The Warbler is a rare destination restaurant in Lincoln Square that “attempts to sing its song for every kind of eater,” writes Mike Sula. The eclectic menu features “an apparent greatest hits of the banal bar food” that’s common everywhere, but also has unconventional surprises. There’s a “sensational” bowl of barley that possesses an “engrossing array of textures”; an unforgettable side of roasted broccoli with horseradish-celery root slaw, Greek yogurt, and everything-bagel seasoning; and a “great” cauliflower dish dressed with ponzu glaze, cashews, sesame seeds, and pickled red onion.
Executional errors ruin other dishes, though, such as an “oversalted and oversauced” cacio e pepe and roast chicken that’s served “ghastly pallid and with rubbery skin.” Dessert presents a carrot cake topped with butter-pecan ice cream, praline chunks, and caramel sauce. While “there are still notes that need tuning,” Sula thinks The Warbler has “a far better chance of catching on beyond the borders of Lincoln Square than many of [its] neighbors.” [Reader]
Maggie Hennessy also checks out The Warbler and says it “appears well on its way to neighborhood-haunt status.” The “anything-goes comfort dishes are assembled with care, matching the upscale diner feel of the space.” Nachos — “deliciously un-newsworthy, as nachos should be” — are lifted by fried pork belly cubes, pickled red onion, and tomatillo salsa, while a grilled sweet potato and winter radish composition sings thanks to a “pleasing scarlet pepper vinaigrette” and “lemony, caramelized notes.” The double cheeseburger is a “perfectly tasty assemblage of thin patties and melted American cheese,” and places “among the top third of Chicago’s cutthroat burger rankings.” In the end, the restaurant delivers what all great local spots do: “Craveable, comforting food.” [Time Out]
S.K.Y. is already a “strong contender for the year’s best restaurant.” Stephen Gillanders continues to impress critics and this time around, it’s Phil Vettel’s turn to be wowed. Adding his own spin to a classic, Gillanders’s bibimpbap is a “decidedly nontraditional” mix of “silky” foie gras, mushrooms, charred broccolini, scallions, and toasted nori. Pork chop with wild-rice risotto is “balanced beautifully with a habanero-honey sauce so rich, you can’t believe it’s butter-free,” while sea bass gets a little boost from a toasted pain de mie crust that “adds buttery notes as well.” Sweets don’t disappoint either, as chocolate whiskey pie is a “visual treat,” flanked by torched marshmallow and coffee gelato. [Tribune]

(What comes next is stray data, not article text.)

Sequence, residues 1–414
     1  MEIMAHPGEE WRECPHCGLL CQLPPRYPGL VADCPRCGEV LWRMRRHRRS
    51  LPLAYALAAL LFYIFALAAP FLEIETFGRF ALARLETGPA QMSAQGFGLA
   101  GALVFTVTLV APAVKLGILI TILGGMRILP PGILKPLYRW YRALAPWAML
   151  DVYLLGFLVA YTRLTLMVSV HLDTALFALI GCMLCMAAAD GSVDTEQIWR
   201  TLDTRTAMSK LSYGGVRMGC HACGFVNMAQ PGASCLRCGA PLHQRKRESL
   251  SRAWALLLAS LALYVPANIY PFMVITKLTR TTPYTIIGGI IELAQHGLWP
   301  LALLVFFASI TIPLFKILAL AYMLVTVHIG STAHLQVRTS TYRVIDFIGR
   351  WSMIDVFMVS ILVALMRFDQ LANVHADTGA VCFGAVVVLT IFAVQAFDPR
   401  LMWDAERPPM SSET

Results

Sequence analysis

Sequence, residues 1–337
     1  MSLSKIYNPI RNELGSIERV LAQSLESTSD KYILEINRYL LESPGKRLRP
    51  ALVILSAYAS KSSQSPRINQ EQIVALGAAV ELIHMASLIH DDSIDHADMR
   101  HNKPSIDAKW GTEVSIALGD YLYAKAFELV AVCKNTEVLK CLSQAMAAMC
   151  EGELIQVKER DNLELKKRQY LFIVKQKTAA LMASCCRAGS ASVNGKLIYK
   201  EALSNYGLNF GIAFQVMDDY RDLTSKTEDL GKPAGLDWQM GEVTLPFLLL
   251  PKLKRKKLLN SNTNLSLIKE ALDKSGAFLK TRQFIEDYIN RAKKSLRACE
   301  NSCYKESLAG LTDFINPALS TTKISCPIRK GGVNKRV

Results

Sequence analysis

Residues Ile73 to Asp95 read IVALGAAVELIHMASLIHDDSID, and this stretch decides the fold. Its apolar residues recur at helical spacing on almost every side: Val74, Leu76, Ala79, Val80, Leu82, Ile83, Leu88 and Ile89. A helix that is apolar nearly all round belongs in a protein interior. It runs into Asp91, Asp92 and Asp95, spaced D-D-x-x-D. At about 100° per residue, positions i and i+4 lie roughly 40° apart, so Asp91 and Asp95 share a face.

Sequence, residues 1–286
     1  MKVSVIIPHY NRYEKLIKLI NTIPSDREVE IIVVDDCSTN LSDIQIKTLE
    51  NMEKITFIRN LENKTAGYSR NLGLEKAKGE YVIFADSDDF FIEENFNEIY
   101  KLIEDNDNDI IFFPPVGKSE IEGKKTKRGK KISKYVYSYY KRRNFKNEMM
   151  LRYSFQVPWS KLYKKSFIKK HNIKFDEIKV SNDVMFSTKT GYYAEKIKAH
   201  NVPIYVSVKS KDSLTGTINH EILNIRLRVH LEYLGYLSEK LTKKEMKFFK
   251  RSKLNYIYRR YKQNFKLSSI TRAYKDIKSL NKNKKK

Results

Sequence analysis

According to Ariel Cheung, Marchesa is a “place where elegance and graceful ease combine.” Set inside the “three floors of intricate interiors,” the European-inspired restaurant impresses with “simple presentation and carefully curated flavors.” A “memorably delicious” cut of iberico de bellota is smartly coupled with baby beet escabeche, and together “they hit each note on the palate one by one.” Duck breast is “brightened” by pomegranate compote and sliced fennel, then topped with seared foie gras, while smoked salmon “proves to be a fresh, light charmer” thanks to capers and sprigs of dills alongside the fish. To drink, the truffle-based Mr. Fortuny cocktail looks “at home at the posh bar [area], all silver and gold and glass.” [CS]
The reborn Booth One is a hit-or-miss affair during lunch service. Upgrades to the lounge area make it “more prominent and more urbanely seductive,” but the “light” dishes leave Joanne Trestrail feeling hungry. For better or worse, the “portions are small, flavors delicate, textures on the wispy side.” The Booth One salad is “grimly functional and overpriced” without a protein add-on while scrambled eggs with crab and black truffles is “seriously overcooked” and “watery.” It’s not all negative — egg salad on brioche is “one of the more substantial dishes to hit [the] table, quite delightful,” and lemon meringue napoleon is a “good finish with coffee.” [Crain’s]
Giant is a “wonderfully quirky restaurant that has charmed the pants off those fortunate to snag a seat.” Lisa Shames heads to one of the city’s hottest spots and relishes Jason Vincent’s cooking. The super uni shooter is a deep-fried orb of uni, butter, and condensed milk mixture that manages to be “sweet, salty, slightly bitter, pleasingly rich and, yes, delicious.” Onion rings dusted with fresh Parmesan “sound totally weird but works,” while the housemade “Sortallini” — filled with guanciale, pine nuts, and a smoked tomato butter sauce — is a can’t-miss. Desserts are “comforting and full of deep flavors that tap into memories you didn’t know you still had,” and include a gooey babka paired with banana ice cream, coffee-caramel sauce, and figs. From start to finish, Giant’s food “begs—no demands—you put down your phone and eat.” [Sophisticated Living]